How to Research a Competitor Online
There is a story about the CEO of Walmart being arrested in South America. He had gotten down on all fours, in one of their stores, to measure the width of their isles. The store employees thought that he was insane or drunk and had called the police. This kind of fanatical attention to what other players in your market are doing is fundamental to the success of many businesses.
The good news is that you don’t have to fly to South America to find out about your competitors, there is a lot valuable of information available to you online.
Social media (for instance Twitter and Facebook)
People who follow or have liked your competitor on Twitter, Facebook and similar sites are pretty targeted to your niche. There is also a good chance that they may like or follow you and share your content with their network. The social sites know that and they will let you advertise to your competitor’s followers. Just remember that the reverse is also true, they will let your competitors advertise to your followers.
Many content rich sites have links to social networks on their pages to make it easier for visitors to share the pages. Sometimes you can get an idea of how engaging visitors found the content. If you find content that has gone viral, you might want to do something similar on your website.
Backlinks to your competitor
The search engines use links to websites to rank the content on those sites. They don’t release all of the linking data because they don’t want competitors to use the information to outrank each other. Some of the linking data is however available.
Backlink Watch is a free site that will show you some of the links to a site’s homepage. You might want to target the linking sites to see if you can’t also get links from them.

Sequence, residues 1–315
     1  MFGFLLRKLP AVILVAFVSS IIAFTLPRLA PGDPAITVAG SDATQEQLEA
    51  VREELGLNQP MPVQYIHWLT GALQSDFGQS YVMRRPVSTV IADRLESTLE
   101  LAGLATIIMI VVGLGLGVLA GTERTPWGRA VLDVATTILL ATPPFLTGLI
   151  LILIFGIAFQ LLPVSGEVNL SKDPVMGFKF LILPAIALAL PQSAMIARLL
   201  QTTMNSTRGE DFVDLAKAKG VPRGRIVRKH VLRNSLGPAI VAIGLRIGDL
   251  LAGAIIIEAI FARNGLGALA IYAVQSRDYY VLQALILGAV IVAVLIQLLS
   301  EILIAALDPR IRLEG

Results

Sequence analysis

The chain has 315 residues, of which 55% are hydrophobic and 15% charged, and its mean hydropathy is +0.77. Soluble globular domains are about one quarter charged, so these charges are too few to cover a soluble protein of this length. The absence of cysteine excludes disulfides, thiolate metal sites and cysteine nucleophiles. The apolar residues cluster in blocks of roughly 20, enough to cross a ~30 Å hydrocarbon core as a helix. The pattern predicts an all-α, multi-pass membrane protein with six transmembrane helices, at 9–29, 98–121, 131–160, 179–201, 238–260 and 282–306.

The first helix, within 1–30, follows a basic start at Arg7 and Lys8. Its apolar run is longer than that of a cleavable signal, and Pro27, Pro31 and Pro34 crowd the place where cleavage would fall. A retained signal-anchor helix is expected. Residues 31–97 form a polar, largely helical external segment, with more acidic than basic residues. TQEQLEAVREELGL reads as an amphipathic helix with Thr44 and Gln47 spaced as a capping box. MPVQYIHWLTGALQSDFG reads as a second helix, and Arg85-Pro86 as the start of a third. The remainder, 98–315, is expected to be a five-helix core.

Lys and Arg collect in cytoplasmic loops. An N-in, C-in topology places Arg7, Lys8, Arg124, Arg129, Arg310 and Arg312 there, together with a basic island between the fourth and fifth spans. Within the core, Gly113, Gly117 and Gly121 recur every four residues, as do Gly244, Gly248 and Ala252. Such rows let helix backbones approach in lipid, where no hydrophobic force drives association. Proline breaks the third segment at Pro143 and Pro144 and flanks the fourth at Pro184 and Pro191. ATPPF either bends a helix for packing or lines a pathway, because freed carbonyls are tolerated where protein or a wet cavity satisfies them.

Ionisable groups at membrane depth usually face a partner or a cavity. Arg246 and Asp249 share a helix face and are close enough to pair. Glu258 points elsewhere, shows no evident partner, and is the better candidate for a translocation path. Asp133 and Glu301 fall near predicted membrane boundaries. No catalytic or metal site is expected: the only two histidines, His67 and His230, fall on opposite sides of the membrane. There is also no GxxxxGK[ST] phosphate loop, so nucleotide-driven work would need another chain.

A competitor’s keyword targeting
Google’s Keyword Planner is a great free tool. If you take the title of a competitor’s page and input it into Keyword Planner it will give you an idea of how many monthly searches there are for that keyphrase and related keyphrases, you can also see how competitive / valuable those phrases are.
You can study how a website converts it’s visitors into email subscribers and sales. Then you compare this with your own monetization methods. The goal is to be better at turning traffic into money than competing websites.
Alexa is a site that uses browser toolbars to track the browsing habits of certain people. They then use the data to estimate how much traffic a website is receiving. The more traffic a site gets the more accurate the estimate.
Flippa is the largest site for auctioning off websites online. When you are selling a website you need to give the prospective buyers a lot more information about the site than that which is normally available. On Flippa you can research past auctions in your niche. You will find a great deal of information about traffic and monetization in your niche.